People are Becoming Resistant to Antibiotics But Infections are Killing People at an Alarming Rate

Diagram depicting antibiotic resistance throug...

Diagram depicting antibiotic resistance through alteration of the antibiotic’s target site, modeled after MRSA’s resistance to penicillin. Beta-lactam antibiotics permanently inactivate PBP enzymes, which are essential for bacterial life, by permanently binding to their active sites. MRSA, however, expresses a PBP that will not allow the antibiotic into its active site. (Photo credit: Wikipedia)

#AceHealthNews says according to a recent study by the CDC there is a stark warning about liberally popping anti-biotic‘s and then dumping them with out any form of care!  

Soon, the antibiotics we’ve relied on to heal minor bacterial infections will no longer work, the CDC has warned.

If that happens, almost everything and anything could kill you, just like things were before penicillin was discovered in 1928.

Here’s an incomplete list, created with help from Maryn McKenna’s excellent post on our post-antibiotic future on Medium.

  • Eating meat — bacteria on meat can be resistant to antibiotics, and kill you.
  • Getting scratched — before penicillin, 1 in 9 skin infections killed.
  • Having any kind of surgery or biopsy — even the most minor surgery leaves you open for infection.
  • Treatments like dialysis or a blood transplant — an open portal to your blood leaves you open to sepsis.
  • An insect bite — insect bites, especially those that are itchy, lead to infections if scratching opens the wound and microbes under your fingernails invade.
  • A mild cold or flu — if a virus takes down your immune system, pneumonia can set in. Without antibiotics, 30% of cases kill.
  • Childbirth — natural childbirth used to kill 5 mothers out of 1000, and Cesarean sections are a surgery, which opens you up to infection.
  • Being put on a ventilator or catheter.
  • Implanted medical devices like artificial hips or pacemakers.
  • Minor burns — burns are the most infection-prone wound.
  • Cosmetic plastic surgery — this falls under surgeries, but deserves its own mention because society acts like getting a couple of Botox injections is risk free. In the post-antibiotic era, it’s not.
  • Getting a tattoo — No one wants to voluntarily open themselves up to an infection in the post-antibiotic era.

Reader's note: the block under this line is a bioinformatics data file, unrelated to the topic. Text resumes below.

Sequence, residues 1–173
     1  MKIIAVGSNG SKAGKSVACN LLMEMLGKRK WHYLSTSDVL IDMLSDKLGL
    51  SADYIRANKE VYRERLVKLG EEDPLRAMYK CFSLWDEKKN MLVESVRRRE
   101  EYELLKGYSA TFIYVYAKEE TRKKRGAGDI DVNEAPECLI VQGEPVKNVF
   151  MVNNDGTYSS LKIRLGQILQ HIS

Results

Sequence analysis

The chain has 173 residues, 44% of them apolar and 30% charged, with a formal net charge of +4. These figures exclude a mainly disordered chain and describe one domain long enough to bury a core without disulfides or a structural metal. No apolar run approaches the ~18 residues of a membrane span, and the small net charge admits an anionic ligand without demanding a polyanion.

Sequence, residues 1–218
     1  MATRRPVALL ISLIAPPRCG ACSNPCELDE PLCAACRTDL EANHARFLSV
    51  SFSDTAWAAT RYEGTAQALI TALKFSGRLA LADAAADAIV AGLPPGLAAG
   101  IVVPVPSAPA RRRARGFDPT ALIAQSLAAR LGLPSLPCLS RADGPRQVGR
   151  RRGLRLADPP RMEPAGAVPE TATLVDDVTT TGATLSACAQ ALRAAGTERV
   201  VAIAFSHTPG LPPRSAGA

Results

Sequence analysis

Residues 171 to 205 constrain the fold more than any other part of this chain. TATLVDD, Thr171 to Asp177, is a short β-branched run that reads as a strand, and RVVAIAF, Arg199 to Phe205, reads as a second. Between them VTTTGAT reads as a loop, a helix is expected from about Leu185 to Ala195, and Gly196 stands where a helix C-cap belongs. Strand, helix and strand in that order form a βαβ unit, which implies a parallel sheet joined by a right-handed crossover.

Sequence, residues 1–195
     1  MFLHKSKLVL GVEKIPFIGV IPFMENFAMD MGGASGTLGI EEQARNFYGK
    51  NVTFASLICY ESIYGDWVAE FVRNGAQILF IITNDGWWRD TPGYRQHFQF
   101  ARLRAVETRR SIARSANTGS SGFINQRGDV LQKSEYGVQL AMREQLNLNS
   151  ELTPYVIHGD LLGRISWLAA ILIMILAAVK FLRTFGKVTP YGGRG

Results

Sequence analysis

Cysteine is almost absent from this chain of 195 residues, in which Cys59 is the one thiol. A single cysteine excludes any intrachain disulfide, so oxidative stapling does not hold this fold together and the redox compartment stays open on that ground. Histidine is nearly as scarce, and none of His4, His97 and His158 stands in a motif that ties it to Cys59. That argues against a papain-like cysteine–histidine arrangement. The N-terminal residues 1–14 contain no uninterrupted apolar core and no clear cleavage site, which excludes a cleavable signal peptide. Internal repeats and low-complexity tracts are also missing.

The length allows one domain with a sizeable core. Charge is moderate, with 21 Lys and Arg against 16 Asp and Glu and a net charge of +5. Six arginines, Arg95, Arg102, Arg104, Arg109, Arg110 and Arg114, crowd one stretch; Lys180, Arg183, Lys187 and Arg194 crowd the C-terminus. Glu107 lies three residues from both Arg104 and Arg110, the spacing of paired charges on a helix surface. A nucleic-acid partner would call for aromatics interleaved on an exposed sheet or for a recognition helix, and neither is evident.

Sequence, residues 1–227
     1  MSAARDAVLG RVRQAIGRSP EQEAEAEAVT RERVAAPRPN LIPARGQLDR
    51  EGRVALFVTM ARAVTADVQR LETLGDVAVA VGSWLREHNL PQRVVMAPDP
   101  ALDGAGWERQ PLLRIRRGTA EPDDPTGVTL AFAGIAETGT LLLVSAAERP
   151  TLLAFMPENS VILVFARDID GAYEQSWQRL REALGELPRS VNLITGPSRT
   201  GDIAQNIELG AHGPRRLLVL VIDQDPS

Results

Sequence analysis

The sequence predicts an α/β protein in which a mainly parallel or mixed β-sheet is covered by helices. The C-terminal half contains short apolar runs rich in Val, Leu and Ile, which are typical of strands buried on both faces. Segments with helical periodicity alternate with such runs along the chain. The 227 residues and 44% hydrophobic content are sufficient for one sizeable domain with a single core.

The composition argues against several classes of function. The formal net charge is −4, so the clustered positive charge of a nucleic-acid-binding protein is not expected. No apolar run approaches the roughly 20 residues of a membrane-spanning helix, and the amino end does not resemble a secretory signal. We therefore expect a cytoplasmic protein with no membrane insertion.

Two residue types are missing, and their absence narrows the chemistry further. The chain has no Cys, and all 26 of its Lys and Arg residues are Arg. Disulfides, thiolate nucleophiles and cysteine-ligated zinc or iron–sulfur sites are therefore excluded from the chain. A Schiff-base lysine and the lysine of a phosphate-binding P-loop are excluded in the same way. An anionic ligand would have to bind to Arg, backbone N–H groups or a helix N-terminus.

Because any type of surgery could produce an untreatable infection, we would also lose the ability to treat non-infectious diseases like cancer, put people back together after car accidents, perform surgery to unblock arteries due to heart disease, and transplant organs.

And these types of infections are already killing people. The CDC released numbers a few months ago stating that antibiotic-resistant infections kill 23,000 people a year. That may seem small, but these infections are increasing at a rapid rate.

As McKenna notes in her post, it takes only a few years for resistance to emerge to a new antibiotic. And drug companies aren’t investing in the market — there are only five new antibiotics in development. And we haven’t seen a new one in 25 years.

And we aren’t doing much about it. Antibiotics are used liberally in agriculture. Doctors prescribe them for viral infections like the cold and flu. People don’t take their entire dose and dump their extras into the water supply.

All of these add up to increasing levels of resistance. If things continue as they are, we have about 20 years until a minor scrape can become potentially life-threatening again.

Read McKenna’s post (produced in collaboration with the Food & Environment Reporting Network, an independent, non-profit news organization producing investigative reporting on food, agriculture, and environmental health) to learn more about what we have to look forward to in a future without antibiotics.

Courtesy of  Jennifer Welsh on Nov 21, 2013, 3:40 PM

#acenewsservices, #antibacterial, #antibiotic-resistance, #caesarean-section, #cdc, #centers-for-disease-control-and-prevention, #infection, #jennifer-welsh, #surgery, #transplantable-organs-and-tissues